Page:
The reason behind this refusal was that according to the Office this mark was descriptive for the respected goods and services – the mark tells consumers when the lottery game will take place – every first Tuesday of the month.

The Applicant argued that this conclusion was incorrect because the mark requires some imagination in order to be connected with its goods and services.

The Patent Office and the Court disagreed, accepting that this phrase is completely descriptive due to the fact that consumers will understand it as a direct message for the time when such lottery games take place.

Source: WIPR. 

Usain Bolt’s trademarks

7734344062_c400fb3191_kThe legendary Jamaican sprinter Usain Bolt has put an end of its professional career recently but this doesn’t mean that the merchandising business regarding his persona has ended too.

As many other well-known sportsmen such as Michael Jorden, for example, Bolt will continue to use its name for different merchandising and endorsement campaigns.

One of the reasons behind this conclusion is not only the Bolt’s celebrity status but the existence of many registered trademarks for his name. A quick check in the TM View database shows the following results:


Will.i.am lost a lawsuit regarding a trademark in US


The US Court of Appeals for the Federal Circuit dismissed the appeal by the well-known singer Will.i.am against a USPTO decision for refusal of a trademark “I AM” applied for Classes 3, 9 and 14.

The background of this case is that the Will.i.am’s company Symbolic is the owner of “Will.i.am” trademarks for classes 9 and 41 as well as trademarks “I am” for class 25.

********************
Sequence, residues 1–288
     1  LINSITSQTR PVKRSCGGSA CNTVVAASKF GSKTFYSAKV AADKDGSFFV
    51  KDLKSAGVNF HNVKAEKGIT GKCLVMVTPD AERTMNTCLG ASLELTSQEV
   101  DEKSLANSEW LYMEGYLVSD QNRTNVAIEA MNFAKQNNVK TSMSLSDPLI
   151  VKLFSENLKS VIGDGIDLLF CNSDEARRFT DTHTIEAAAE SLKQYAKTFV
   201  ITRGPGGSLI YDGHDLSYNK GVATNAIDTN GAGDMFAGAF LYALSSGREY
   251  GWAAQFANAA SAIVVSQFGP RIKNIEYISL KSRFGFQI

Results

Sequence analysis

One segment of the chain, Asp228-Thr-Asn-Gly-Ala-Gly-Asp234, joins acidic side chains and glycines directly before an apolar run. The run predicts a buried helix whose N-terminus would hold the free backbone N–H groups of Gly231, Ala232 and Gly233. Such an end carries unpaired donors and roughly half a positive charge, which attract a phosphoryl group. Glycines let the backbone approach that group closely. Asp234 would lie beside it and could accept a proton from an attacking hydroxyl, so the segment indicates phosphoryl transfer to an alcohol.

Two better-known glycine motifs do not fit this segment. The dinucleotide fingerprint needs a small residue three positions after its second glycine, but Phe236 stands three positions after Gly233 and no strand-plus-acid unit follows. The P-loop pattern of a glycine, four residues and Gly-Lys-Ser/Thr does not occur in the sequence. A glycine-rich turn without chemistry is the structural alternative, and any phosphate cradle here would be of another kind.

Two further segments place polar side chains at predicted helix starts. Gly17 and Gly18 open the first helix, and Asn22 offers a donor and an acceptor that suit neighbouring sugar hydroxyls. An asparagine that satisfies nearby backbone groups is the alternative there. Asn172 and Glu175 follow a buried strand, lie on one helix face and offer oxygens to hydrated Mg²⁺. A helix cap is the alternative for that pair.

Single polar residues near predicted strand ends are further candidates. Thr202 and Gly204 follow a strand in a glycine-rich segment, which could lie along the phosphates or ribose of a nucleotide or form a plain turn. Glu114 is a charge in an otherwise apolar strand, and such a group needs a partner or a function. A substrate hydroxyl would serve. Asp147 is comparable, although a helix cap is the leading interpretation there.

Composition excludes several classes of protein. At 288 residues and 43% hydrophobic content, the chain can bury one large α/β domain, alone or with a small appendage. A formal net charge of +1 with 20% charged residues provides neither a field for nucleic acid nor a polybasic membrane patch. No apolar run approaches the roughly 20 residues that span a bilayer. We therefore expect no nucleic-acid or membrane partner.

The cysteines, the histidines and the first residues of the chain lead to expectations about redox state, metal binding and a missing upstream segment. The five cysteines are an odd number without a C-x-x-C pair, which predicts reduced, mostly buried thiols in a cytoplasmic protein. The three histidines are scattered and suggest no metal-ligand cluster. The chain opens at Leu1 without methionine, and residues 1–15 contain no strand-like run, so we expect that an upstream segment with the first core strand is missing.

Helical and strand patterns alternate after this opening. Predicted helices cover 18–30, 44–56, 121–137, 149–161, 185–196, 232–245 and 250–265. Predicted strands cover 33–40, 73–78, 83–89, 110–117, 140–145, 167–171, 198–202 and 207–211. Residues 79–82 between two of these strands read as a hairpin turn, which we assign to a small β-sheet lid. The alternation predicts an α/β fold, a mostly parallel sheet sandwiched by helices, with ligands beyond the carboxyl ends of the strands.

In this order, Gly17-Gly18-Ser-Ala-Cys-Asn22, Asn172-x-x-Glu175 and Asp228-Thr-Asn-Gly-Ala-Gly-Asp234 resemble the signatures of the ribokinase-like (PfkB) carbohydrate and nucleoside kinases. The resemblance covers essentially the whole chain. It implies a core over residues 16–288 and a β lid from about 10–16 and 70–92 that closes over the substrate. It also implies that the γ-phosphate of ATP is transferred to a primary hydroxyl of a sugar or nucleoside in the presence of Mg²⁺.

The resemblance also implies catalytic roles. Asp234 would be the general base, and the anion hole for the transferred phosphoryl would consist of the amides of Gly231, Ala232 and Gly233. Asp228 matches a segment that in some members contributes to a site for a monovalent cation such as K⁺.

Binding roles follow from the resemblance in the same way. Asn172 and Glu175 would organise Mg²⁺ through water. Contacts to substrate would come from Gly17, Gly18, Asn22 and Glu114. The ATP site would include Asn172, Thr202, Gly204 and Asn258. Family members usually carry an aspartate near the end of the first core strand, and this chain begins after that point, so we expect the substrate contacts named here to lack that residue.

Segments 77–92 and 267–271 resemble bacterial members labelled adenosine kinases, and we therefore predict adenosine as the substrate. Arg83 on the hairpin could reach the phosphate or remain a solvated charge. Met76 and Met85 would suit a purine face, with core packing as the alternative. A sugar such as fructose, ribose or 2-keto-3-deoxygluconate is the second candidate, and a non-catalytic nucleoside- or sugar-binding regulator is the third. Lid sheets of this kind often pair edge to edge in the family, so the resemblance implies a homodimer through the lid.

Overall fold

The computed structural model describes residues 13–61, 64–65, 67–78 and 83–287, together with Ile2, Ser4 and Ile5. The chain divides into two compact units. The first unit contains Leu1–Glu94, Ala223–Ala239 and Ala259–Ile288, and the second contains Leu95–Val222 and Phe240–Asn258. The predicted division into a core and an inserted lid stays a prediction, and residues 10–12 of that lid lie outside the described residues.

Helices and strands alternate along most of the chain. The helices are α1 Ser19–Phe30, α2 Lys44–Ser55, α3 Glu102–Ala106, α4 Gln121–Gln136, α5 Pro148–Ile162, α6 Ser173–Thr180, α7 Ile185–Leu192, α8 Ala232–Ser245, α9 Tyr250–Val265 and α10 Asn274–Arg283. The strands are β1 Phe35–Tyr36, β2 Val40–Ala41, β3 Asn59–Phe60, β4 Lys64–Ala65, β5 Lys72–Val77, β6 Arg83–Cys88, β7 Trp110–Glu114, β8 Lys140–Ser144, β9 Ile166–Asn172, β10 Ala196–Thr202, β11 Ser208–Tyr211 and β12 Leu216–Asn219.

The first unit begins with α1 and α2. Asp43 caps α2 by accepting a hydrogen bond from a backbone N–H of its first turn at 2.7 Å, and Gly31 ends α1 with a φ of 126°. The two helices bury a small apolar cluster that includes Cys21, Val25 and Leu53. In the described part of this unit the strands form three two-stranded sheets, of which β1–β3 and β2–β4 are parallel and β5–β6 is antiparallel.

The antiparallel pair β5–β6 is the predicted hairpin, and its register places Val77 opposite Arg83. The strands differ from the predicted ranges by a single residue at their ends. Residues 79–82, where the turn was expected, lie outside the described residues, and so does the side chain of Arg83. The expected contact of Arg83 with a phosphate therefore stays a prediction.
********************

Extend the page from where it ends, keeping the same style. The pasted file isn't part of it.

In the case at hand, Symbolic tried to register a word trademark “I AM”for classes 3, 9 and 14.

The USPTO refused the application on the ground of earlier identical marks for similar goods in classes 3, 9 and 14.

Due to this refusal, Symbolic made some specifications in the trademark application stating that all included goods “associated with William Adams, professionally known as ‘will.i.am’”.

The USPTO considered this as insufficient because there was no evidence which to suggest that the singer is well-known under the name “I am” with regard to the relevant goods.

The court upheld this decision as correct not finding stable evidence that William Adams is known as “I am” among the consumers. What’s more, the court considers such specification as insufficient, which cannot overcome the possibility for confusion between the respected trademarks.


Thailand joined the Madrid Protocol


WIPO reports about the accession of Thailand to the Madrid Protocol for international registration of trademarks. The protocol will come into force for the country on 07.11.2017, the date after which Thailand can be designated in applications for international trademarks.

With the accession of Thailand, the number of member states of the Madrid Protocol has become 115.

More information here.